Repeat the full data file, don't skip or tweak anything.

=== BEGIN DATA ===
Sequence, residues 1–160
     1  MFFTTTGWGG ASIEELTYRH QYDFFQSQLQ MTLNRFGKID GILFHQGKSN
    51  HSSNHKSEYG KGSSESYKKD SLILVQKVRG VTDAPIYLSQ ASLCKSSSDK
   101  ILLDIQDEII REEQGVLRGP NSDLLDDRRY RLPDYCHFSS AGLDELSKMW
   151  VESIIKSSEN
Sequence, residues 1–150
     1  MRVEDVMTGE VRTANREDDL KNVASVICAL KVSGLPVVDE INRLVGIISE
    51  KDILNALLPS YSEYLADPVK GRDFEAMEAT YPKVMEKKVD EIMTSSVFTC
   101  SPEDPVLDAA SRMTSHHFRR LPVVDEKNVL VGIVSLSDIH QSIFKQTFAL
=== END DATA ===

Sequence, residues 1–160
     1  MFFTTTGWGG ASIEELTYRH QYDFFQSQLQ MTLNRFGKID GILFHQGKSN
    51  HSSNHKSEYG KGSSESYKKD SLILVQKVRG VTDAPIYLSQ ASLCKSSSDK
   101  ILLDIQDEII REEQGVLRGP NSDLLDDRRY RLPDYCHFSS AGLDELSKMW
   151  VESIIKSSEN
Sequence, residues 1–150
     1  MRVEDVMTGE VRTANREDDL KNVASVICAL KVSGLPVVDE INRLVGIISE
    51  KDILNALLPS YSEYLADPVK GRDFEAMEAT YPKVMEKKVD EIMTSSVFTC
   101  SPEDPVLDAA SRMTSHHFRR LPVVDEKNVL VGIVSLSDIH QSIFKQTFAL